The US awards annually only 85,000 H-1B visas for highly skilled workers. More than that number have been know to apply on the first day of application.
1.1 Million deportations have occurred since President Obama took office. This is the highest number in 6 decades.
There are 21.3 Million Latino voters in the US.
More than 1 in 10 Americans lack a government issued ID.
As many as 5 Million Americans will find it significantly more difficult to cast a ballot this election.
Ronald Regan won relelection in 1984 with 7.4% unemployment.
More than 220,000 Iraq and Afghanistan veterans are out of work.
Total cost of Iraq War = 4,400 American lives and $800 Billion.
Less than 1% of American population is in active military duty.
18 war veterans commit suicide everyday. 1 every 80 mins.
22% of all suicides in the US are former service members.
With Facebook's IPO the company has been valued at $100 Billion. Facebook has 3,200 employees.
McDonald's stock is also valued at $100 Billion, with 400,000 employees.
According to labor statistics, if all current jobs openings were filled tomorrow, nearly 10 Million Americans would still be jobless.
Average after tax income for the top 1% of US households has increased 275% from 1979 to 2007. While those in the bottom 20%, income grew only 18%. (Annual income of $343,000 or more qualifies as the 1%)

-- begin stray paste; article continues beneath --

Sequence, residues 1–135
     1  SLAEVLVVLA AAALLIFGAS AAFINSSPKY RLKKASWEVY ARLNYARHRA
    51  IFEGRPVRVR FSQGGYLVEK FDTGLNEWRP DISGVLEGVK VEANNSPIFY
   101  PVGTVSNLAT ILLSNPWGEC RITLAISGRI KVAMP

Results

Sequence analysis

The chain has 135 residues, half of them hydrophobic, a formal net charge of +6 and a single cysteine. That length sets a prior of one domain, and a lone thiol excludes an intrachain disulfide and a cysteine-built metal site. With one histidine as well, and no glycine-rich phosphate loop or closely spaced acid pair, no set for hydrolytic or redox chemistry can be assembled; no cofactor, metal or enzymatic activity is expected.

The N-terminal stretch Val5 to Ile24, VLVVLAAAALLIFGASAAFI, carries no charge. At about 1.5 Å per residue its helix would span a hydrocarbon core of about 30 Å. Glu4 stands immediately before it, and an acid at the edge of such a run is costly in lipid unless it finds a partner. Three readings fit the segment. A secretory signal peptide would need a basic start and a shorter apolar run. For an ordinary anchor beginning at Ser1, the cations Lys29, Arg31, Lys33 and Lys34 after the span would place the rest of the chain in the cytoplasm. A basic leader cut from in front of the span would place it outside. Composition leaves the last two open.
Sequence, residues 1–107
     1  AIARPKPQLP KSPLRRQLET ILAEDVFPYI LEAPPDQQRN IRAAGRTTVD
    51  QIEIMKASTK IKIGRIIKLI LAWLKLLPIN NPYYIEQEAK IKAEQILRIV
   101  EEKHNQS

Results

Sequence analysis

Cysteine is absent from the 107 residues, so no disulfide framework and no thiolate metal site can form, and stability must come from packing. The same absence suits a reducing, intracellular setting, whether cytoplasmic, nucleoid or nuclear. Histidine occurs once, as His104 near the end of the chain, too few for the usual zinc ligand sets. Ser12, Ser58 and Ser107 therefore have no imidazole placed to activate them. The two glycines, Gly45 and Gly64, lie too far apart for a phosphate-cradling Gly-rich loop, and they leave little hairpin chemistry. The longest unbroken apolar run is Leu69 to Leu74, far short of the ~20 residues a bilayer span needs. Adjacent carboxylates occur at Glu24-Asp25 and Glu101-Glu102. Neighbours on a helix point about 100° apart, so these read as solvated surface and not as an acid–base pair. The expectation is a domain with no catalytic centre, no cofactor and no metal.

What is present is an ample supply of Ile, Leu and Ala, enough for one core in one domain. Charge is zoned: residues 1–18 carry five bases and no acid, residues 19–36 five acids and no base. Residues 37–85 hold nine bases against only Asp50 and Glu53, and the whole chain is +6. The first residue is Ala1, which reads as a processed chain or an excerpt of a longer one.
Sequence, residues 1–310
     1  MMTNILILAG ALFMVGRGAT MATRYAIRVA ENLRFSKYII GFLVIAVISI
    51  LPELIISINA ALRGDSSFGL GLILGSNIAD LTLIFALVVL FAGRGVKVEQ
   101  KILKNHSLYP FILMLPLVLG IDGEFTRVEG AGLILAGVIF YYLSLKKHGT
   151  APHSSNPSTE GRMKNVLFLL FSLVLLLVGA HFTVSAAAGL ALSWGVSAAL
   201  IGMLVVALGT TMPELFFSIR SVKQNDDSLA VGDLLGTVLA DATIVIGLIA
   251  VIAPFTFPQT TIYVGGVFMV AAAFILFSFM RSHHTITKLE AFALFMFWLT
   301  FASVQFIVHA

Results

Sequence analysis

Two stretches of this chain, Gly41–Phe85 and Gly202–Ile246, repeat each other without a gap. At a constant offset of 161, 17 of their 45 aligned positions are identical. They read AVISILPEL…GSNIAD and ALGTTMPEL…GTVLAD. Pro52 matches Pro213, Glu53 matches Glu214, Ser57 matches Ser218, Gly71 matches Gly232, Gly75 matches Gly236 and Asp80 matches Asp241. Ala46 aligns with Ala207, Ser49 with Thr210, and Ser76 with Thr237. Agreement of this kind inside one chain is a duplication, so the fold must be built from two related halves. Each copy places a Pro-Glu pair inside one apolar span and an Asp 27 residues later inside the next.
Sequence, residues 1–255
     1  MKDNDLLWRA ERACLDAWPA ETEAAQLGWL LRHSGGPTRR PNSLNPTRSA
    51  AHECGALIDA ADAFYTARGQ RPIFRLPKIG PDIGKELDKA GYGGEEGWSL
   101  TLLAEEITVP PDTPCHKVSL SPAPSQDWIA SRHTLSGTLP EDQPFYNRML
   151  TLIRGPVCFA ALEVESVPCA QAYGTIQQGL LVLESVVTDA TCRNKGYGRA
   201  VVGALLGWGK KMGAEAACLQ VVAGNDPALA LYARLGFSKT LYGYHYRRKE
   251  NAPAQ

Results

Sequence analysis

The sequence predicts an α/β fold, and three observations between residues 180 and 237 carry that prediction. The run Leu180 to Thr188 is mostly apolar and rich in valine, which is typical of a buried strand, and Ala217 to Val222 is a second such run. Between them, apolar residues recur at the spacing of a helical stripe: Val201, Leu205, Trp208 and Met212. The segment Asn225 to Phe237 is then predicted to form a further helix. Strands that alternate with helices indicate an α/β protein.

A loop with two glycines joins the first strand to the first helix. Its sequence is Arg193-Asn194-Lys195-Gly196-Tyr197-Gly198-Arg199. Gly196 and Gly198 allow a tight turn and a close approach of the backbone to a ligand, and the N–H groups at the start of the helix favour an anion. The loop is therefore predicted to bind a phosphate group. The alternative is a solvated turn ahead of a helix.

In 2010, the top 1/5th of US households collected 50.3% of all the nation's income. The lowest 1/5th collected just 3.3% of the nation's income.
The richest 20% of Americans own more than 80% of the country's wealth, while the poorest 20% own 1/10th of the country's wealth.
49 Million American are living in poverty, the highest number in the 52 years the Census Bureau has been publishing figures on poverty.
Nearly 97.3 Million Americans fall into the low-income category, defined as earning 100-199% of poverty level ($11,282 for an individual and $24,343 for a family of four).